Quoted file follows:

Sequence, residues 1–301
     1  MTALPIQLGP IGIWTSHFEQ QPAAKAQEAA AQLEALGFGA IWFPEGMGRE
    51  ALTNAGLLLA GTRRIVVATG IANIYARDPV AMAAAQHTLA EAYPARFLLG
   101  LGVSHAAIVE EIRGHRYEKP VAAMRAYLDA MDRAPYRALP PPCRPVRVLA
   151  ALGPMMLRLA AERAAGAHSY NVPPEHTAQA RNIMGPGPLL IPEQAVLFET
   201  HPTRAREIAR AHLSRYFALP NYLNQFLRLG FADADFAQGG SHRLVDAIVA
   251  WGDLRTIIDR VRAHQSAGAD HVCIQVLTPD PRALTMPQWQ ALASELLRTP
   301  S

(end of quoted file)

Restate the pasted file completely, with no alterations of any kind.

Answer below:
Sequence, residues 1–301
     1  MTALPIQLGP IGIWTSHFEQ QPAAKAQEAA AQLEALGFGA IWFPEGMGRE
    51  ALTNAGLLLA GTRRIVVATG IANIYARDPV AMAAAQHTLA EAYPARFLLG
   101  LGVSHAAIVE EIRGHRYEKP VAAMRAYLDA MDRAPYRALP PPCRPVRVLA
   151  ALGPMMLRLA AERAAGAHSY NVPPEHTAQA RNIMGPGPLL IPEQAVLFET
   201  HPTRAREIAR AHLSRYFALP NYLNQFLRLG FADADFAQGG SHRLVDAIVA
   251  WGDLRTIIDR VRAHQSAGAD HVCIQVLTPD PRALTMPQWQ ALASELLRTP
   301  S